When does it make sense for you to refinance? Hint: low rates are not the only factor to consider.
In the last five years, you have seen rates go low and then dip even more, to notable, historically low ones. Maybe that historically low rate (under 3% – hello!) was what helped you get into your home to begin with, and now it’s time to stop, look around, and reevaluate your situation. Even if your current rate is historically low, you might not be in the best mortgage situation for you.
There are other factors aside from rate to consider when deciding whether or not to refinance. Here are a few you might want to think about (and a helpful video on the topic).
Do you have PMI?
Dropping private mortgage insurance (PMI) from your monthly mortgage cost could make a significant difference in your monthly payment, even if that means you’re refinancing at a higher rate. We’ll show you the breakdown in the example below when we pair it with a changed loan term.
Can you change the loan term?
The height of the pandemic was rough for everyone – and maybe now, your earning power is significantly greater than it was just a couple years ago. If you’re interested in reducing your mortgage term from a 30-year to a 15-year, refinancing to make this happen may be in your best interest. You’ll obviously pay off your home quicker, and if you’re able to manage that, you’ll pay less interest in the long run – even with a higher rate.
Consider this: You have a $300,000 home with an APR of 3.177%, a mortgage rate of 3% and a 30-year term, but you can opt for a 15-year term with an APR of 5.857% and a 5.5% rate. You’ve already done the work of building enough equity in your home to drop PMI when you refinance. (And if you’re unsure how much equity you have, just reach out to your Homespire Loan Officer. They’ll be happy to help!)
In a snapshot:
- With the 30-year mortgage, you’ll pay $152,225 in interest: Monthly payment = $1,239.52
- With the 15-year mortgage, and 20% equity built, you’ll pay $112,980 in interest: Monthly payment = $1,961
Your first mortgage:
Interest rate of 3%
APR of 3.177%
With this mortgage, your monthly payment is: $1,239.52.
20% equity (so refi with $240,000 loan amount)
Interest rate of 5.5%
APR of 5.857
With this mortgage, your monthly payment is: $1,961 ($696.19 more per month than before).
If you can afford the higher monthly payment, you’re saving a difference of nearly $39,245 in interest!
When you refinance, the rate may be higher, but since you’ve built up equity in your home, your earning power has also increased, and so has your credit score. That could give you the option to refi to a 15-year mortgage, instead of remaining in your 30-year mortgage. In the example above, you save about $39k, and the savings continues after the mortgage is paid in full, because then there’s no monthly mortgage payment to be made. You’re a free and clear homeowner!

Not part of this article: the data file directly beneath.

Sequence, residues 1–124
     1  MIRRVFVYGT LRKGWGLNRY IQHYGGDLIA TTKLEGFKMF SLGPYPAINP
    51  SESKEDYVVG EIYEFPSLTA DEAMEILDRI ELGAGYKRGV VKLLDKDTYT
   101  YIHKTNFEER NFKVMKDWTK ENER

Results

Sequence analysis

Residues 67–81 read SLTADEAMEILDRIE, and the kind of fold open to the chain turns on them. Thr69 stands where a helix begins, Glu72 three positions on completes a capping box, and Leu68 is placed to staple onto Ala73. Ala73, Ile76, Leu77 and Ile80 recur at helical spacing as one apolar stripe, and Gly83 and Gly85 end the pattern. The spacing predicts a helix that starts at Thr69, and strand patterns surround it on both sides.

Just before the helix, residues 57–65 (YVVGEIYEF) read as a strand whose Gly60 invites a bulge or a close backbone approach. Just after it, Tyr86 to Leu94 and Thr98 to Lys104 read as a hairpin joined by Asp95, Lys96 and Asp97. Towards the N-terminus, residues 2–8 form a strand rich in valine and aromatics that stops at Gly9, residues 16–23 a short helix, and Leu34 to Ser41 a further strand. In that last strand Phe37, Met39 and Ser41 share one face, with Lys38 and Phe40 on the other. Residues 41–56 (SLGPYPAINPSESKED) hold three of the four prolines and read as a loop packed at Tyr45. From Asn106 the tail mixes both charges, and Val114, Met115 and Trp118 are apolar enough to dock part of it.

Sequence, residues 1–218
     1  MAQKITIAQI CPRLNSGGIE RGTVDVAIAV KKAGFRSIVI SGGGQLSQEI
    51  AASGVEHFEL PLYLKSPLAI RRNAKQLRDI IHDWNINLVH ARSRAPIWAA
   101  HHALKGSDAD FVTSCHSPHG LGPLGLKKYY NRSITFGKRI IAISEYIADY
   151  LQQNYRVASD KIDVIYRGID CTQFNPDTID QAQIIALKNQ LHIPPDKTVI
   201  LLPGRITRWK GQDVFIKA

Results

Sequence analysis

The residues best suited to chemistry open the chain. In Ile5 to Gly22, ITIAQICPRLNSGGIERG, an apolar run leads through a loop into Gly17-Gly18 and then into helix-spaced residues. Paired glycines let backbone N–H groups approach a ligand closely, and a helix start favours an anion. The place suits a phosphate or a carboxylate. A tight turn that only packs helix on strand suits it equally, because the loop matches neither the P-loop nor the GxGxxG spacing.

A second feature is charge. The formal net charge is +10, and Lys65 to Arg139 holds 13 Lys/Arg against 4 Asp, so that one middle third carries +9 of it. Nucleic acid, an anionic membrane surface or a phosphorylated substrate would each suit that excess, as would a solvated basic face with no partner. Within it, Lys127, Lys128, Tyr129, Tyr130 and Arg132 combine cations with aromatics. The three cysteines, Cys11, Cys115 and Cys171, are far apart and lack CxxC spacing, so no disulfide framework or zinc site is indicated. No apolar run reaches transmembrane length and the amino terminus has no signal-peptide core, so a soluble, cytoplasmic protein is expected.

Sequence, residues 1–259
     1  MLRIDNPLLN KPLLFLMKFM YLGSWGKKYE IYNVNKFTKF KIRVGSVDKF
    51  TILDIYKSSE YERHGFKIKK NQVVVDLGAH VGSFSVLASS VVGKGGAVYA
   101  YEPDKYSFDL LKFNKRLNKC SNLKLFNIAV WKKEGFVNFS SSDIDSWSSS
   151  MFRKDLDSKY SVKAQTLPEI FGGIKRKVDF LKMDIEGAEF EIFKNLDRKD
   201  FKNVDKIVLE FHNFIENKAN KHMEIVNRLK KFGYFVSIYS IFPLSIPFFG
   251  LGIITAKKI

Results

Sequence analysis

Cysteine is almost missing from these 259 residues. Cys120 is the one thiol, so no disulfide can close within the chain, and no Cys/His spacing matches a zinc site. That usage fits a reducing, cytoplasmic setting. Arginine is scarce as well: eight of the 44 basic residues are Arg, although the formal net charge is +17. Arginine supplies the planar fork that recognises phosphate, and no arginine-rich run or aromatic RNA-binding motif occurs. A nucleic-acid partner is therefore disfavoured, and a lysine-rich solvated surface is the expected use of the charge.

Has your credit score gone up?
A higher credit score will always work in your favor when it comes to getting the best available home mortgage rate. What you need to consider is the following:
- What will your new mortgage rate be?
- How long will it take you to recoup the costs of refinancing?
- During what month will you reach the point when you begin to save?
- Will refinancing affect your credit score, and if so, for how long?
Do you need a lower monthly payment?
This option may not shorten the term of your mortgage, but it will keep more money in your pocket each month after the mortgage is due. Refinancing to get a lower monthly payment can mean that the length of your mortgage is extended (perhaps you’re moving from a 15-year to a 30-year fixed loan), but it could also mean that you have the cash in-hand now to afford other important things in your life. Sending a kid or relative to college, maybe? Getting a new vehicle that will help your business thrive? Paying for a once-in-a lifetime event? It really depends on your personal situation, and refinancing to make these goals happen could be the best option over higher-interest credit card debt or personal loans.
How so, you ask?
Consider that the average interest rate of a credit card is 16.17% if you have a prime mortgage score, 670-739 (according to Federal Reserve Data); personal loan rates are hovering between 10-13% (or skyrocket to 36% if you have a low credit score, according to Forbes Advisor), and mortgage refinance rates remain around 5.5%. There’s no denying that 5.5% doesn’t look too bad in comparison.
The bottom line
There are so many ins and outs to refinancing, how the heck are you supposed to know if it makes sense for you?! You’re not a human calculator, dang it! That’s where you can rely on your mortgage loan officer to guide you, shop loan products and rates for you, and help you make the best possible financial decision for your current situation. And all that advice and guidance is free. If you’re interested in talking about refinance options, Homespire can help.
This is not an offer for a loan or any type of extension. Eligibility for a loan or extension of credit from Homespire Mortgage Corporation is subject to completion of a loan application, credit, income, and employment qualification, and meeting established underwriting criteria. Rates are subject to change without notice based on market conditions. See Loan Consultant for information on program income limits, buyer contribution, area median income, debt requirements, and other application details.
By refinancing your existing loan, your total finances charges may be higher over the life of the loan.